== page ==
Top Ten Reasons for Getting Your North Carolina Criminal Conviction Expunged

By | Blog, News, Uncategorized | No Comments

Why do I need a North Carolina Expungement? shutterstock_59368612

Top 10 Reasons for Getting a NC Expungement

1. Employment & Professional Licensure

Employment is probably the most significant area affected by a criminal conviction. Employers often perform criminal background checks on potential employees and are more likely to deny jobs to applicants with a criminal record. Some employers run criminal background checks on current employees to make sure they have remained in good standing during their employment period.

We have found that a criminal conviction is an especially significant obstacle for our clients who want to enlist in any branch of the armed services. Although it is not an automatic bar from being accepted to Officer Candidate School, most recruiters agree that it is highly unlikely an applicant with a criminal conviction will be chosen.

A criminal conviction may prevent you from obtaining a professional licensure. The licensing board may deny your application or take away your license as a result of a criminal conviction.

A criminal conviction or even a record of a dismissed case is just not the right first impression for any employment situation. Whether you have a conviction or your case was dismissed you may be eligible to have your charges expunged and avoid talking about a mistake from your past on that all important first interview.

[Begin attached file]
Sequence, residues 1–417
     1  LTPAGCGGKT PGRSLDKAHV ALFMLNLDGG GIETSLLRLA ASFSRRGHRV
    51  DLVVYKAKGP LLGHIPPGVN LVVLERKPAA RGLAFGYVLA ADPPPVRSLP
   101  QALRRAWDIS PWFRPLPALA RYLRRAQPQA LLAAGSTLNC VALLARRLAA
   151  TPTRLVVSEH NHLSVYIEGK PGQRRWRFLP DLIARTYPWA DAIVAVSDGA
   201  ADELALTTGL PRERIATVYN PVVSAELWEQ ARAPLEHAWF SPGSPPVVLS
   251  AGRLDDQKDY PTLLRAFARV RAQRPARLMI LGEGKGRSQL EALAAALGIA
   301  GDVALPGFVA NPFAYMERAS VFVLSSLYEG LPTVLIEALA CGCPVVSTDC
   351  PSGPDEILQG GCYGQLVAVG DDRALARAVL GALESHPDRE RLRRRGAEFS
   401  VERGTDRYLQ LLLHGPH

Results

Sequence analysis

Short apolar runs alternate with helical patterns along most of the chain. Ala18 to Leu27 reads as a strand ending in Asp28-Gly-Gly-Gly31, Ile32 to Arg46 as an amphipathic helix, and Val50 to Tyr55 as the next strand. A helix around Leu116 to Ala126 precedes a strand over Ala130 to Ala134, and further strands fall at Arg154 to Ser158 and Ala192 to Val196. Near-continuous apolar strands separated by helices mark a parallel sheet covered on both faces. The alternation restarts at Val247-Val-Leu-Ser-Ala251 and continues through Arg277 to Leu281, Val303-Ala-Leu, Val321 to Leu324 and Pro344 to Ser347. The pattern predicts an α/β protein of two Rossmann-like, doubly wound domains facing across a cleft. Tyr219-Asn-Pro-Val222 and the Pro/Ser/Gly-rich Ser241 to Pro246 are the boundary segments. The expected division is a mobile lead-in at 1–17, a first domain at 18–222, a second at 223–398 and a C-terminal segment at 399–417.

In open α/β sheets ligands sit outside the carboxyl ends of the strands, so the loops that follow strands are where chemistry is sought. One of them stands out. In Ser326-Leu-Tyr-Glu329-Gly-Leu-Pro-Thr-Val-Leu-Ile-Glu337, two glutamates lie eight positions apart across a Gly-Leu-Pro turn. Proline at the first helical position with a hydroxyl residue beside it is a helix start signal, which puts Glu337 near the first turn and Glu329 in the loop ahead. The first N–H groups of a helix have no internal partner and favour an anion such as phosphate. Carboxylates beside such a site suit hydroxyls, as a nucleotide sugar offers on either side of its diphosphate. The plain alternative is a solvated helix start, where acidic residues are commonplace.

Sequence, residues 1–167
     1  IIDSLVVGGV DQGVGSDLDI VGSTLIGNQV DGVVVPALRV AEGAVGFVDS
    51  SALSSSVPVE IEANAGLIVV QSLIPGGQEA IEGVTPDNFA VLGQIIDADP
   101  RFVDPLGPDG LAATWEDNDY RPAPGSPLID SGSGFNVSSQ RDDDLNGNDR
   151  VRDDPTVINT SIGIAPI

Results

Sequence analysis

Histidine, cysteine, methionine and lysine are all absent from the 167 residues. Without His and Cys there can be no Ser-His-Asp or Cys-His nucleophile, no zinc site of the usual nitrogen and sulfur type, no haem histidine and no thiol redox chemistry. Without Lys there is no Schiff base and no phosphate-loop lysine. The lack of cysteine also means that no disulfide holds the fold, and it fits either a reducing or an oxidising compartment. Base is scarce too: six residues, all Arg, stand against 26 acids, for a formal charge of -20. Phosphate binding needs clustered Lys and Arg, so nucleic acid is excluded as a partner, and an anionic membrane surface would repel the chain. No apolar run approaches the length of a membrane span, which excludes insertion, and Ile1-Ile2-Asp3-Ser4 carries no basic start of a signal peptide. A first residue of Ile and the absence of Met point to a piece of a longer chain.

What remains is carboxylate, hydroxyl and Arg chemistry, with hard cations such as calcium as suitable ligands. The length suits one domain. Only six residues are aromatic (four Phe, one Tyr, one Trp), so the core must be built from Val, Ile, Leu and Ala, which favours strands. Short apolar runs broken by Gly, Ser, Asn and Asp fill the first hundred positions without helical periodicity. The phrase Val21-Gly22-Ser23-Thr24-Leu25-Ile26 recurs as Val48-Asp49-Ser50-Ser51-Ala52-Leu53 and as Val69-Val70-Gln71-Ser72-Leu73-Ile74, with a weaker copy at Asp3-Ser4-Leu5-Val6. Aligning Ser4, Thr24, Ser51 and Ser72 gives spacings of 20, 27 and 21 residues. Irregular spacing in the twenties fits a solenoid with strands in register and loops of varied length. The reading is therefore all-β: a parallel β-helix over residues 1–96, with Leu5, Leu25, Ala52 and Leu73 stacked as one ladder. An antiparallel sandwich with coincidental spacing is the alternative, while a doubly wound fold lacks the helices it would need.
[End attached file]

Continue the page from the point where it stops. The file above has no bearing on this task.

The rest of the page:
The UNC School of Government’s Collateral Consequences Assessment Tool (C-CAT) lists over 300 employment and professional licensure areas that are affected by a criminal conviction. A full list can be found at http://ccat.sog.unc.edu/term-browser/25.

2. Housing

Having a criminal record can also limit your ability to obtain both public and private housing options. Not only will a criminal conviction affect your eligibility for public housing, but private landlords and other housing and real estate agencies may also refuse to provide you with housing. Landlords often use criminal background checks as part of the tenant screening process for rental applications. We’ve had several clients call us about an expungement after their rental application for housing was denied due to a criminal conviction. If you’ve had a case dismissed a record of the charge still shows up and can be seen by anyone. If you have had a case dismissed we can possibly help to have the records expunged.

3. Education

Schools of higher education may perform background checks or require disclosure of criminal convictions for students applying for admission. Certain drug related convictions can also disqualify students from receiving financial aid in the form of loans, grants, and scholarships.

4. Financial Consequences: Insurance